Friday, July 16, 2010

Business Loans Secured by Primary Residence Are Exempt from the Aggregate Cap

Sen. Mark Udall (D-Colo.) proposed an amendment to the small-business lending fund bill (H.R. 5297) that would increase the member business lending cap from 12.25 percent to 27.5 percent of total assets for eligible credit unions. But is this amendment really necessary for credit unions to meet the credit needs of small businesses?

Sen. Udall speaking on the Senate floor on July 13 cited the case of Stacy Hamon to justify the expansion in the credit union’s business lending authority.

One Coloradan that I was particularly compelled by was named Stacy Hamon. Stacy is a small business owner in Thornton, Colorado, who started her own business: 1st Street Salon. Initially, Stacy went to a traditional bank, only to be turned away because credit was in short supply. To make the dream of owning her own business come true, Stacy turned to a credit union, which gave her the loan she needed through a second mortgage on her home. Stacey’s salon has become successful. And when I visited she had plenty of business and had even hired more workers. Those are real American jobs and a shining example of economic expansion that would not have been possible if it weren’t for a credit union that was willing to offer her a small business loan.

However, the Federal Credit Union Act exempts a loan that is fully secured by a lien on a 1- to 4-family dwelling that is the primary residence of a member from the definition of a member business loan. As a result, this loan, which was made to Stacy Hamon, does not count against the aggregate member business loan limit.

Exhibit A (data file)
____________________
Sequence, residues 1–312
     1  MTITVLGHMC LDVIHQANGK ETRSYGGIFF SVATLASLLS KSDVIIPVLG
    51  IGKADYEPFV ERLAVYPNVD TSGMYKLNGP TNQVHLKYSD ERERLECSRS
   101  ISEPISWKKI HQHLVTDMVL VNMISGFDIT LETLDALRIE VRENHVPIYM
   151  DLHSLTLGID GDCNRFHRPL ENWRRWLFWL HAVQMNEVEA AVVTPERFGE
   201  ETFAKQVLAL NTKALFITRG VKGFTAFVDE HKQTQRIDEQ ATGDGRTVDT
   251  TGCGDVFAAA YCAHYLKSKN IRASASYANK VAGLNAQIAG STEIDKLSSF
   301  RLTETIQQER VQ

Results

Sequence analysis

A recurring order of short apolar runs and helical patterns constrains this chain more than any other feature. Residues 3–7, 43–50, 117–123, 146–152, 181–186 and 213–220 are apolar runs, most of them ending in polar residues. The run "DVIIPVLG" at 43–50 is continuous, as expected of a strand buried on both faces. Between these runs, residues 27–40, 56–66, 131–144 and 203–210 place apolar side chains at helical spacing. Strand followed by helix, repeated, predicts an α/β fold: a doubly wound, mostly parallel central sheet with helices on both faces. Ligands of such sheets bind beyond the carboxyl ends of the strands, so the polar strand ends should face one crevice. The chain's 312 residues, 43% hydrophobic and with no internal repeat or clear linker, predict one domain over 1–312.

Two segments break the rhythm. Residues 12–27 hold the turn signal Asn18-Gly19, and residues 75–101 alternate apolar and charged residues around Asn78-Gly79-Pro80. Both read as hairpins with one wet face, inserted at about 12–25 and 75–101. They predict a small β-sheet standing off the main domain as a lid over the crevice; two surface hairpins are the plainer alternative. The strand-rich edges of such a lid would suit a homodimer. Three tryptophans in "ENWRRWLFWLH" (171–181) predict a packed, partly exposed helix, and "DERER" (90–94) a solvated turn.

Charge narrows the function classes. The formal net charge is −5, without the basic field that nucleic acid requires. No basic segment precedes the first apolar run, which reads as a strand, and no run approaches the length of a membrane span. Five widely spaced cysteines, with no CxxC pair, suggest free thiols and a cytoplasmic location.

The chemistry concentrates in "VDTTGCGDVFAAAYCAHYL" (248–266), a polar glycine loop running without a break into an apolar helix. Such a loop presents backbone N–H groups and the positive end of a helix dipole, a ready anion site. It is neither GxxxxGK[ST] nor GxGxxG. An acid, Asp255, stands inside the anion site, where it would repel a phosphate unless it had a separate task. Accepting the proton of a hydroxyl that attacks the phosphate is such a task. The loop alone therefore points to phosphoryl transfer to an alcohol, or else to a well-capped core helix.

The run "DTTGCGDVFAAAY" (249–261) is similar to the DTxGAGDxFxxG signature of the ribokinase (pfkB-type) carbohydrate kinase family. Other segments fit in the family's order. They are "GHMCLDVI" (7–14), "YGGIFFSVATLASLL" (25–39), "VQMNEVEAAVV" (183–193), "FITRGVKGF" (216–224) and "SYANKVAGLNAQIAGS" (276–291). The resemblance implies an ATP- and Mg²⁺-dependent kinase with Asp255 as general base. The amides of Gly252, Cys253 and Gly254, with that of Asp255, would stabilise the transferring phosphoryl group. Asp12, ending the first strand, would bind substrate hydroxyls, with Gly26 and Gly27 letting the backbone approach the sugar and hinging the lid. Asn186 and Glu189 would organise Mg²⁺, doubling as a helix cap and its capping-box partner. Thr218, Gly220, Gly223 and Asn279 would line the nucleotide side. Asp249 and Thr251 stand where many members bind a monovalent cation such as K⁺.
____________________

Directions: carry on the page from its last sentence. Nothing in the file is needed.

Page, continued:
Moreover, business loans with a value less than $50,000 or with a governmental guarantee, such as Small Business Administration (SBA) loans, are excluded from the definition of a member business loan and the calculation of the aggregated member business loan limit.

These exemptions from the definition of a member business loan give credit unions sufficient authority to meet the credit needs of small businesses.

1 comment:

  1. Banks dropped their lending to American business by $350 billion dollars in 2009. At the same time citizen subsidized banks took at least $700 billion in TARP funds, about 3.6 trillion in discounted liquidity borrowings, got $200 billion of taxpayer value in bad asset swaps, and over a trillion in government guarantees.

    Get a grip on your own house. It is lowering the value of the entire financial services neighborhood.



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